One Third of Children Misperceive Their Weight Status

Lara C. Pullen, PhD

July 23, 2014

Approximately 30% of children between the ages of 8 and 15 years misperceive their weight status, according to a new analysis of data from the National Health and Nutrition Examination Survey, 2005 to 2012.

In particular, Mexican-American and non-Hispanic black children are more likely than non-Hispanic white children to misperceive their weight status, report Neda Sarafrazi, PhD, from the Centers for Disease Control and Prevention's (CDC's) National Center for Health Statistics, Hyattsville, Maryland, and colleagues in a news brief published online July 23.

They report that 81% of overweight boys and 71% of overweight girls believe they are of normal weight. Nearly 48% of obese boys and 36% of obese girls think that they are about the right weight.

All told, an estimated 9.1 million children and adolescents in the United States have an inaccurate understanding of their weight status. Weight status misperception was significantly higher among children aged 8 to 11 years (33%) than among adolescents aged 12 to 15 years (27%). Weight misperception was also significantly higher among lower-income families (32.5%) than among higher-income families (26.3%).

Childhood obesity is associated with many adverse health outcomes in adulthood. Children who accurately know their weight status are more likely to appropriately modify their behaviors. Thus, Elizabeth Parks Prout, MD, medical director of the adolescent bariatric program of the Children's Hospital of Philadelphia, Pennsylvania, suggests pediatricians pay attention to the actual numbers associated with obesity and talk about those numbers with families.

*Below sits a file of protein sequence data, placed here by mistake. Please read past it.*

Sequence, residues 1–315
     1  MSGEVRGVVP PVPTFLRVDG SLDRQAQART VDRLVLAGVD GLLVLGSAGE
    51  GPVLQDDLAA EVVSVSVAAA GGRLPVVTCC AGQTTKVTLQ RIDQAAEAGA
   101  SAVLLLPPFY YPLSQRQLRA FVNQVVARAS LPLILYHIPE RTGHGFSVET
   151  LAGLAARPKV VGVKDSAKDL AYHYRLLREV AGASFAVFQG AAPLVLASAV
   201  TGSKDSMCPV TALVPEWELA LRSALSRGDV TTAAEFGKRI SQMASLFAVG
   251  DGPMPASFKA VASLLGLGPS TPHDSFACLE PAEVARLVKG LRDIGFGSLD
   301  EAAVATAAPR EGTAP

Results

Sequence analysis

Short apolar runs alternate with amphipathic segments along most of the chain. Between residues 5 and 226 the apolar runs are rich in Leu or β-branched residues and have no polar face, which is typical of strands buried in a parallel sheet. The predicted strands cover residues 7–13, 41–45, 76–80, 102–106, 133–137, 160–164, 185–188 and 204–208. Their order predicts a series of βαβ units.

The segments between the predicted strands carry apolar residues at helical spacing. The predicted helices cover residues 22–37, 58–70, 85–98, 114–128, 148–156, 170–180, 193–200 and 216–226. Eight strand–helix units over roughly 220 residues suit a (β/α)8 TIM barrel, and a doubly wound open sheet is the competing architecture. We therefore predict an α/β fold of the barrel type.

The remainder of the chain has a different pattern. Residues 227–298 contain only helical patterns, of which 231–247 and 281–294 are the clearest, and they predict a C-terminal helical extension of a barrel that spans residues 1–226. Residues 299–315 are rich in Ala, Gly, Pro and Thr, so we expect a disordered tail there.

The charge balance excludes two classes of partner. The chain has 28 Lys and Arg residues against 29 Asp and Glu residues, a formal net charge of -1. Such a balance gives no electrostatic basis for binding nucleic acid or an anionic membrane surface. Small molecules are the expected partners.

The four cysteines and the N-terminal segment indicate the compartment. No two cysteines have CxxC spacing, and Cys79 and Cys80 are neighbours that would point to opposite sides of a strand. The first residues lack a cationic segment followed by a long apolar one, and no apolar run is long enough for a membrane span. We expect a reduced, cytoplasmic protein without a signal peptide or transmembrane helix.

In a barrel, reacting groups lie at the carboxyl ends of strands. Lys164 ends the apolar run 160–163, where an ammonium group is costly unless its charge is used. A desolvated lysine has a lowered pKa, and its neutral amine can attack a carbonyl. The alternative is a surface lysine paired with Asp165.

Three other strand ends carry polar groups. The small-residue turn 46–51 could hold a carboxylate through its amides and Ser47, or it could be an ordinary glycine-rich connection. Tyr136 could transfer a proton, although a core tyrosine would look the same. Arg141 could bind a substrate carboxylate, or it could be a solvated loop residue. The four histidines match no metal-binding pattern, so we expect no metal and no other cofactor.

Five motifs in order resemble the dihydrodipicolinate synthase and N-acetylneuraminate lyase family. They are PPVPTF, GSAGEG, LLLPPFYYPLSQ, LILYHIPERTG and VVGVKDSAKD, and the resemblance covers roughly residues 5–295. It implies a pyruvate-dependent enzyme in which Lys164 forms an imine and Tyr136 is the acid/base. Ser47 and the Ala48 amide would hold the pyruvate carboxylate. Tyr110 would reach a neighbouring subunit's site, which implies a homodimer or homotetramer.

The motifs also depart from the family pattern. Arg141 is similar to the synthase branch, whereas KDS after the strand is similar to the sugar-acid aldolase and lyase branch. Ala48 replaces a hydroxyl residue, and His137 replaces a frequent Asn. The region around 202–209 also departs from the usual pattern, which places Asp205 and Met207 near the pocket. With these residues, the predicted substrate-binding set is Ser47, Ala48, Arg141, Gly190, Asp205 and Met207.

Emphasizing how important the actual numbers are for children and adolescents, Dr. Prout notes that 70% of pediatricians get obesity status wrong when they just look at a child. "We can't go based upon how people look," she told Medscape Medical News.

The study also identifies, however, certain populations that deserve added attention. Overall, 34.0% of Mexican-American children aged 8 to 15 years misperceived their weight status, as did 34.4% of non-Hispanic blacks, both of which are significantly higher percentages than the 27.7% of non-Hispanic white children who misperceived their weight status.

Dr. Prout also points out that the fastest-rising group for obesity is boys. The general population, however, tends to focus obesity efforts on girls, often neglecting the trend in boys.

The National Health and Nutrition Examination Survey is a cross-sectional survey of the civilian noninstitutionalized population. Sampling is performed through a complex, multistage design, and data are released in 2-year cycles.

Nearly 17% of children and adolescents were obese in 2011 to 2012. Children and adolescents were defined as having normal weight if their body mass index fell within the 5th and 85th percentiles of the 2000 sex-specific CDC growth chart. Children were described as overweight if they were between the 85th and 95th percentiles. Obese children had a body mass index that was greater than or equal to the 95th percentile on the 2000 CDC growth chart.

The authors and Dr. Prout have disclosed no relevant financial relationships.

"Perception of Weight Status in U.S. Children and Adolescents Aged 8–15 Years, 2005–2012." NCHS Data Brief 158. Published online July 23, 2014. Full text

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